Wednesday, 30 July 2014

National Jellyfish Survey gives a tally of UK sightings for the first time in 40 years

A new report by the Marine Conservation Society (MCS) and the University of Exeter details over 5000 reports of jellyfish sightings of eight different species sent to MCS by beach-goers between 2003 and 2011.

The National Jellyfish Survey is the largest of its kind in the UK and has been attracting a growing number of jellyfish sightings, with 2013 proving a record year when 1,133 reports were received.

This is also turning out to be a good year, with over 500 reports received by mid-July.

“Our survey puts jellyfish on the map in the UK,” said Dr Peter Richardson, Biodiversity Programme Manager for the MCS. “In this latest paper we show where and when these species now occur throughout UK coastal waters.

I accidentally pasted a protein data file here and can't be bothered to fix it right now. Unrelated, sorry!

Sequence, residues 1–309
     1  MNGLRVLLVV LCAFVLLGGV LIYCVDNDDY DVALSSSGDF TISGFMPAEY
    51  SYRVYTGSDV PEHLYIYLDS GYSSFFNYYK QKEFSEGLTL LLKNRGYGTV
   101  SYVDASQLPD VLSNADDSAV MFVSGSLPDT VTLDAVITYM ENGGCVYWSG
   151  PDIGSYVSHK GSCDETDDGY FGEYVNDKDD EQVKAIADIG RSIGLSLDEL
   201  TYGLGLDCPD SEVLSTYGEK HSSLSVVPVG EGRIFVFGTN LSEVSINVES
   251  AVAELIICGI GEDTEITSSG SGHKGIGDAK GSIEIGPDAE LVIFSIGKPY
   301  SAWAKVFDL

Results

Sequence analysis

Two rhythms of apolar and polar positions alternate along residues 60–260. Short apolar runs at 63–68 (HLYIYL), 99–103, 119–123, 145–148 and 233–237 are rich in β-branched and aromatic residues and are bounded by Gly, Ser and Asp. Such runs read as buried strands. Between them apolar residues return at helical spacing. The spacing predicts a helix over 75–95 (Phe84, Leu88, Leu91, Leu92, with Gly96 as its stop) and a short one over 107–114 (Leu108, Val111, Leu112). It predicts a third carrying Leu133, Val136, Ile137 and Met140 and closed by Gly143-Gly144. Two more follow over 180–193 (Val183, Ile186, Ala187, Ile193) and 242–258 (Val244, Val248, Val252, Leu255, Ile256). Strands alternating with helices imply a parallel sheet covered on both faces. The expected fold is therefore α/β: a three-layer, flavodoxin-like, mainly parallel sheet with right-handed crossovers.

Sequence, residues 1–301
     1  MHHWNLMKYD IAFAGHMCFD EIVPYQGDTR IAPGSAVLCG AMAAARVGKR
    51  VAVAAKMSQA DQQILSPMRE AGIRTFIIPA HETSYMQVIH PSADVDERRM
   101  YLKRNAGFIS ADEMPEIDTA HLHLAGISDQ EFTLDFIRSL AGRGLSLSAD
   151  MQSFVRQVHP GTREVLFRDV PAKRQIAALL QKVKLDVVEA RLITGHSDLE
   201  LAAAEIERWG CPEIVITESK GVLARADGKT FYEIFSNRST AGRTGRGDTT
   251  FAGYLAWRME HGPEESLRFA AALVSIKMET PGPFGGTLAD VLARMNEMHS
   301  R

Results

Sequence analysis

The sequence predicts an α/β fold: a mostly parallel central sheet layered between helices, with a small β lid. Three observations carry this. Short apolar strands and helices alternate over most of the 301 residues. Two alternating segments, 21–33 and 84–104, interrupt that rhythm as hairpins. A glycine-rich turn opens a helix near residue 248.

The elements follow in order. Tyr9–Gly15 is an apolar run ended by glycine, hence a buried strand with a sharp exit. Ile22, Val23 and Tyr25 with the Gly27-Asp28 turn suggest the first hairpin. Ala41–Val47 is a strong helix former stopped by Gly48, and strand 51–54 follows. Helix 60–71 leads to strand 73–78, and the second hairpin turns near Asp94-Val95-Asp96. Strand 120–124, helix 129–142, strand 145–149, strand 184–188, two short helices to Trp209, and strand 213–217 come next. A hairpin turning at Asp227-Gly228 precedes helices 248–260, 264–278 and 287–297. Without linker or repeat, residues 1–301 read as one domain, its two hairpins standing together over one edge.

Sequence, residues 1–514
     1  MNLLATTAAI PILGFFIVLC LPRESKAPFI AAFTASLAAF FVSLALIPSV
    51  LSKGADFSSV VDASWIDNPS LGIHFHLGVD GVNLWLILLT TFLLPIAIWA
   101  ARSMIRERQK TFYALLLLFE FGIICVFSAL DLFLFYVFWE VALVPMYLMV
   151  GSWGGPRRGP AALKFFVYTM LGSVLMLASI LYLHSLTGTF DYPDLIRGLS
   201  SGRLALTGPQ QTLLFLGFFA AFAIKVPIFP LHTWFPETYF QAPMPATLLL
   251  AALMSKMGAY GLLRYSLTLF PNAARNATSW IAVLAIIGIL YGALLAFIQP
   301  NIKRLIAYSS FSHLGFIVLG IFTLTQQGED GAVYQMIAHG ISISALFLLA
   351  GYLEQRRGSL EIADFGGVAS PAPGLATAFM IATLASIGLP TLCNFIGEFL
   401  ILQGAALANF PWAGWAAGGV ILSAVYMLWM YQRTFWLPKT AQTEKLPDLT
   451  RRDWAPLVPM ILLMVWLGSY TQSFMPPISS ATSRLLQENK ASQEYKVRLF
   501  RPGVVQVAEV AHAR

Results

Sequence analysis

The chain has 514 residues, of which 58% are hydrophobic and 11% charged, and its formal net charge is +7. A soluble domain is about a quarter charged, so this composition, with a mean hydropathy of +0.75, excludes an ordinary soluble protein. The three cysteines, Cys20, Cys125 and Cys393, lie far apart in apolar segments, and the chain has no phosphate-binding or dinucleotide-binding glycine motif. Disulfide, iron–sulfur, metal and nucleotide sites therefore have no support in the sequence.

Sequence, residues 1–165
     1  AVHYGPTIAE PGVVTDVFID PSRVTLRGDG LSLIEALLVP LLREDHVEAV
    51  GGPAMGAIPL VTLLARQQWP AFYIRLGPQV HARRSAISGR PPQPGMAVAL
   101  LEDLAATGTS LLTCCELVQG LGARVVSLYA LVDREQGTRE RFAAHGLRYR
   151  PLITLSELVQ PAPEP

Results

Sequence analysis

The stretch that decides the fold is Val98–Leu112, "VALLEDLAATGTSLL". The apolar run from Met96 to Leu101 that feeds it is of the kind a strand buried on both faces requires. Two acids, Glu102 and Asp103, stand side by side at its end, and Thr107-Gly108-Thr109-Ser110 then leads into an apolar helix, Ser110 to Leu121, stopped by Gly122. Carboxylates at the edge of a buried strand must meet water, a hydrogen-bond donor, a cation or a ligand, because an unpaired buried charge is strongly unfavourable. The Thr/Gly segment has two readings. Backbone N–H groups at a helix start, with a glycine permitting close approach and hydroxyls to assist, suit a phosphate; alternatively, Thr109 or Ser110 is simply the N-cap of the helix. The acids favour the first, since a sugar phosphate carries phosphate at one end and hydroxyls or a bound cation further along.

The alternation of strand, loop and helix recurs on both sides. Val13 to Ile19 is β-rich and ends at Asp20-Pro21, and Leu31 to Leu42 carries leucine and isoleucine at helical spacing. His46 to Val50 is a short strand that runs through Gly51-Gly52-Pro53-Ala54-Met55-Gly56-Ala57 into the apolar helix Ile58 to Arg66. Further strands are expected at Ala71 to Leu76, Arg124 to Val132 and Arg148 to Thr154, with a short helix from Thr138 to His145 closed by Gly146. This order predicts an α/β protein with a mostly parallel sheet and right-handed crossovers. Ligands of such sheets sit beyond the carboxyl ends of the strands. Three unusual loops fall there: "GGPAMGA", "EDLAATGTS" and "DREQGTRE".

“The last time the national picture was described was well over four decades ago, so this study provides a very timely update.”

Prof Brendan Godley of the University of Exeter said, “By taking stock of our jellyfish in this way, we provide an important baseline of information which will help us understand how jellyfish species react to environmental changes that influence our coastal seas, including climate change.”

The main species found in British waters are the moon, compass, lion’s mane, blue and barrel jellyfishes.

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